Research commissioned for the Youth Pathways Action Plan Taskforce highlighted the success of mentoring and its potential to improve young people's transitions. In its Report, the Taskforce said "there is considerable value in encouraging mentoring programmes for young people". Based on the research it commissioned, the Taskforce set out a range of attributes of successful mentoring projects that will be used to inform the development of the Mentor Marketplace initiative.
Mentoring works. There is a range of initiatives already happening that have proven successful. Examples include the Launceston College in Tasmania, which focuses on young people facing some trauma or crisis, and the Plan-it Youth pilot on the NSW Central Coast which integrates mentoring with school-to-work planning. The Mentor Marketplace is an opportunity to bring knowledge together and to build on the success of existing programs.
The Mentor Marketplace is going to complement existing programs and develop good practice principles that enhance the effectiveness of programs and maximise the benefits for young participants. The Commonwealth will work with key non-government organisations to implement the program.
Funding: $4.8 million over three years
[ top ]
C3. Expanding the supply of healthy indigenous housing
July 2001-June 2002 - The Commonwealth Government will negotiate with State and Territory Governments about the detail and implementation of the initiative.
July 2002-05 Funding allocated to States and Territories.
The quality of housing and related services, such as power and water supplies, will be improved in rural and remote indigenous communities.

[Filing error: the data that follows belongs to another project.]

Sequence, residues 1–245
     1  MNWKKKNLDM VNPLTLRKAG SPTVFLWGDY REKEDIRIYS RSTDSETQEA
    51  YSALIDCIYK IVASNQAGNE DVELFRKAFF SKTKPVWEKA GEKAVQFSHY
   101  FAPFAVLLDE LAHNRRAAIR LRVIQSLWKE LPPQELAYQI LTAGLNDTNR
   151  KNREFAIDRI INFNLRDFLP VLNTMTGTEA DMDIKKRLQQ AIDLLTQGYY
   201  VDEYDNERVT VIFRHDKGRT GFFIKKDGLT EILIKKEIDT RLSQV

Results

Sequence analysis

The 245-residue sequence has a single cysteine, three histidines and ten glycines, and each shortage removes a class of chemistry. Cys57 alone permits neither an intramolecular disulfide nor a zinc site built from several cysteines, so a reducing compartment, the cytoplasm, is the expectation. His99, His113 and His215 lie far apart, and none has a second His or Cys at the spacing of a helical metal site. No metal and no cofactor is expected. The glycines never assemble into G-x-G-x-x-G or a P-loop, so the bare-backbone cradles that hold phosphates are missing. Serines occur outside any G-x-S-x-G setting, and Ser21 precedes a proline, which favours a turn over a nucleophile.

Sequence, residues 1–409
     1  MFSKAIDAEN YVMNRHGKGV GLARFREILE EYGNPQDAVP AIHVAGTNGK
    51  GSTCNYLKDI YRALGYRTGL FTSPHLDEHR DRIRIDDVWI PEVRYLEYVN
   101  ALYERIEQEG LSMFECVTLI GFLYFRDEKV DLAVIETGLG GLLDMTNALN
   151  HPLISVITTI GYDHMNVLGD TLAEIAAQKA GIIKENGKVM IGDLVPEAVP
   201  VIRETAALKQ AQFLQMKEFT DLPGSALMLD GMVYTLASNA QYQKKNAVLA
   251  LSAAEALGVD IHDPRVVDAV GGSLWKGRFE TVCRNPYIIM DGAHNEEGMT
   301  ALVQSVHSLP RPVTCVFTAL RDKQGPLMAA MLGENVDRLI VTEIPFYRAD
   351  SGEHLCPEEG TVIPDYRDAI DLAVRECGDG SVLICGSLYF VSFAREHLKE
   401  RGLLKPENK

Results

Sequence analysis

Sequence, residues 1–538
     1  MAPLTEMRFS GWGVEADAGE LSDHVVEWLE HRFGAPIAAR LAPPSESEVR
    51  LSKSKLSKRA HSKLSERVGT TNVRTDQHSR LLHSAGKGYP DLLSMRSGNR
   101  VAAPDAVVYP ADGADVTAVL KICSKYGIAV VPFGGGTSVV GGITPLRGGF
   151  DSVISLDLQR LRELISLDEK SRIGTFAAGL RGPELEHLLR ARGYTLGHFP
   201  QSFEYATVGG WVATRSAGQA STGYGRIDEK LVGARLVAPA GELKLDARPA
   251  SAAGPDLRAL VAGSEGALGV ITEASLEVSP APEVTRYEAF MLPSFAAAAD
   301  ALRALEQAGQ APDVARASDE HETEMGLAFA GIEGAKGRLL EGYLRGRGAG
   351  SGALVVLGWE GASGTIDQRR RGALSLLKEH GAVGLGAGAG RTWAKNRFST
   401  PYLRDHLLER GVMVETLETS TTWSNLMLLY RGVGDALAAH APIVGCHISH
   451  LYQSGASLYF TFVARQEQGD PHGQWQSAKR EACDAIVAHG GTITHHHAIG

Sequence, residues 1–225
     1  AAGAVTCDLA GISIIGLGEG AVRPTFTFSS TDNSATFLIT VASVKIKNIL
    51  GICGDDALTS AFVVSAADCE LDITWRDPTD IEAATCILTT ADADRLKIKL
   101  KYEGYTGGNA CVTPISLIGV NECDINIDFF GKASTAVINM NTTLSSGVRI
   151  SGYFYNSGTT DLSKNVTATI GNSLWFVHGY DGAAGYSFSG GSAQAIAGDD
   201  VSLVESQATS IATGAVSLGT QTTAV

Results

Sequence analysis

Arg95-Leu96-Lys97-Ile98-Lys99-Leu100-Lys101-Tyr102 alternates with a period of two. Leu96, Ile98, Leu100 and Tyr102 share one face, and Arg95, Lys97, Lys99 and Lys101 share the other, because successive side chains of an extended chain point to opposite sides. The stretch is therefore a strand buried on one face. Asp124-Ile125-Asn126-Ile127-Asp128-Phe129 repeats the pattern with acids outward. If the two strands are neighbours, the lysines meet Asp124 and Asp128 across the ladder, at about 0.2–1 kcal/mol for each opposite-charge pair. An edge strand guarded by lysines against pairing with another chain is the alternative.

This initiative will provide more Indigenous Australians with a secure, healthy and safe living environment. Better housing in rural and remote indigenous communities will improve the health and wellbeing of the whole community, allowing people to make the most of the opportunities for involvement in the community, in education and training, and in paid work where possible.
Funds will be used to repair existing houses and maintain them to a safe and healthy standard, build new houses to reduce overcrowding and help communities to better manage their housing and tenancy services. Funds will also be used for training of housing managers and workers in indigenous community housing organisations to improve management and maintenance of housing stock.
There will be funding to support the planned increase in housing, and to expand environmental health services (for example, water-quality testing and waste removal and management services) to communities not adequately covered under mainstream State or Local government services. Environmental health workers will work to improve management of these services.
The additional funds for housing will be allocated to the States and Territories through the Commonwealth Aboriginal Rental Housing Programme (ARHP). Additional housing-related infrastructure funds will be allocated under the Aboriginal and Torres Strait Islander Commission's Community Housing and Infrastructure Programme (CHIP).